May 16, 2013

CTFS- SIGEO and Smithsonian Institution represented at The Prince of Wales' meeting in London

CTFS-SIGEO Director, Stuart Davies, and Senior Staff Scientist and leader of the CTFS-SIGEO Functional Traits Initiative, Joe Wright, represented the Smithsonian Institution and STRI in a two-day workshop on "Critical Challenges and Opportunities for Tropical Forest Science" coordinated by Prince Charles’ Charities’ International Sustainability Unit. It was held in London at the Royal Society and St. James’s Palace, Clarence House. 

The science group agreed on a memorandum that describes a series of concerns and initiatives required to halt the loss and degradation of tropical forests. This memorandum, the "St James’s Palace Memorandum on Tropical Forest Science", was presented to Prince Charles, senior representatives of Governments, and leaders from civil society and the private sector. Prince Charles is extremely motivated and supportive of this initiative. He has been working for a number of years towards building a strategy on curbing global deforestation.

The meeting culminated in a series of short presentations by Prince Charles, scientists, several representatives of government (UK, US, and Germany), and the business community. Stuart had the opportunity to talk about the mission of CTFS and the value of the large plot network while Joe was able to discuss restoration and conservation with the group. The US Ambassador to the UK, Barbara Stephenson, who had two stints as Ambassador to Panama, spoke very enthusiastically of her introduction to tropical forests at STRI in Panama.

For a link to the Memorandum, click here 

May 9, 2013

CTFS-SIGEO Network Article Published In current volume of PNAS

Proceedings of the National Academy of Sciences of the United States of America (PNAS) has published an article in the latest volume, called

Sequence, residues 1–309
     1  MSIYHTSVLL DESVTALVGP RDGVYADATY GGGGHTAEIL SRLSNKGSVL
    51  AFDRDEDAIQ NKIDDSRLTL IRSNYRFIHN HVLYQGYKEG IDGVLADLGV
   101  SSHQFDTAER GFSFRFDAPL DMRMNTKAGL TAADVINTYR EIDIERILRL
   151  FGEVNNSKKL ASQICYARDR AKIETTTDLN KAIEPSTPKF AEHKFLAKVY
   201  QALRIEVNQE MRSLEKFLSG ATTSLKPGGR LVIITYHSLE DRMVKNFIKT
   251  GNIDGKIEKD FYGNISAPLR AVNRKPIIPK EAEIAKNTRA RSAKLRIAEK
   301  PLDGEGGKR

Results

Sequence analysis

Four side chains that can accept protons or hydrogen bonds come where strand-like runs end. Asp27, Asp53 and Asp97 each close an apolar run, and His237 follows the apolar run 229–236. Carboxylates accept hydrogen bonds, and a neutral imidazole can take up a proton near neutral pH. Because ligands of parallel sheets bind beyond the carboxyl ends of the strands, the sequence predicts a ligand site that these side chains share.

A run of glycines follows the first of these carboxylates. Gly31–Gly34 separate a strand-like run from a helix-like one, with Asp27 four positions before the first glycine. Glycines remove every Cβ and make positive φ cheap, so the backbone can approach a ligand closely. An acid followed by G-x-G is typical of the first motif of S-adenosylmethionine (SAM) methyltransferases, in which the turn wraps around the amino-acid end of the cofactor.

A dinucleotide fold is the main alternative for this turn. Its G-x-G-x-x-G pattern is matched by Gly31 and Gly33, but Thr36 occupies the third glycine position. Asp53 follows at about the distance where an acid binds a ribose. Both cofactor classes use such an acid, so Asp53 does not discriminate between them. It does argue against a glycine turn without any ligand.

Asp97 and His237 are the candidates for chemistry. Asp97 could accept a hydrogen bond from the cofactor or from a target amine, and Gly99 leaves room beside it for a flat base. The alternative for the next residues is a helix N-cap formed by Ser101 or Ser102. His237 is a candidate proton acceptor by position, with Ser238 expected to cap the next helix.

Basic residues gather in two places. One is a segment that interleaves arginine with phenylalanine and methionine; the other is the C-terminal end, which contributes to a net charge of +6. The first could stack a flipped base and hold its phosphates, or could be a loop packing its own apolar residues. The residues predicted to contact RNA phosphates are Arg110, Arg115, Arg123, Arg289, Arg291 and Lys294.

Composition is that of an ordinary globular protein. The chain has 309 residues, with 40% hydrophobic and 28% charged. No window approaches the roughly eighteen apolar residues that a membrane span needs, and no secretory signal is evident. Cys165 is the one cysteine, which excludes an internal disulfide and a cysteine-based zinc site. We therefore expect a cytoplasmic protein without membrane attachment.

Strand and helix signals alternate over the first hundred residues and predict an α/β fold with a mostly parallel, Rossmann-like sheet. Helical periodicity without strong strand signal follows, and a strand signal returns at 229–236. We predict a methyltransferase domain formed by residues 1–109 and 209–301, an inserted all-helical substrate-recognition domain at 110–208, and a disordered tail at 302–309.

Species distributions in response to individual soil nutrients and seasonal drought across a community of tropical trees
written by CTFS- SIGEO researchers Richard Condit, Bettina M. J. Engelbrecht, Delicia Pino, Rolando PĂ©rez, and Benjamin L. Turner
Find full article here.

Find commentary on the article here.

Tropical forest vegetation is shaped by climate and by soil, but understanding how the distributions of individual tree species respond to specific resources has been hindered by high diversity and consequent rarity.
To study species over an entire community, we surveyed trees and measured soil chemistry across climatic and geological gradients in central Panama and then used a unique hierarchical model of species occurrence as a function of rainfall and soil chemistry to circumvent analytical difficulties posed by rare species.

The results are a quantitative assessment of the responses of 550 tree species to eight environmental factors, providing a measure of the importance of each factor across the entire tree community.

Dry-season intensity and soil phosphorus were the strongest predictors, each affecting the distribution of more than half of the species.

Although we anticipated clear-cut responses to dry-season intensity, the finding that many species have pronounced associations with either high or low phosphorus reveals a previously unquantified role for this nutrient in limiting tropical tree distributions.

The results provide the data necessary for understanding distributional limits of tree species and predicting future changes in forest composition.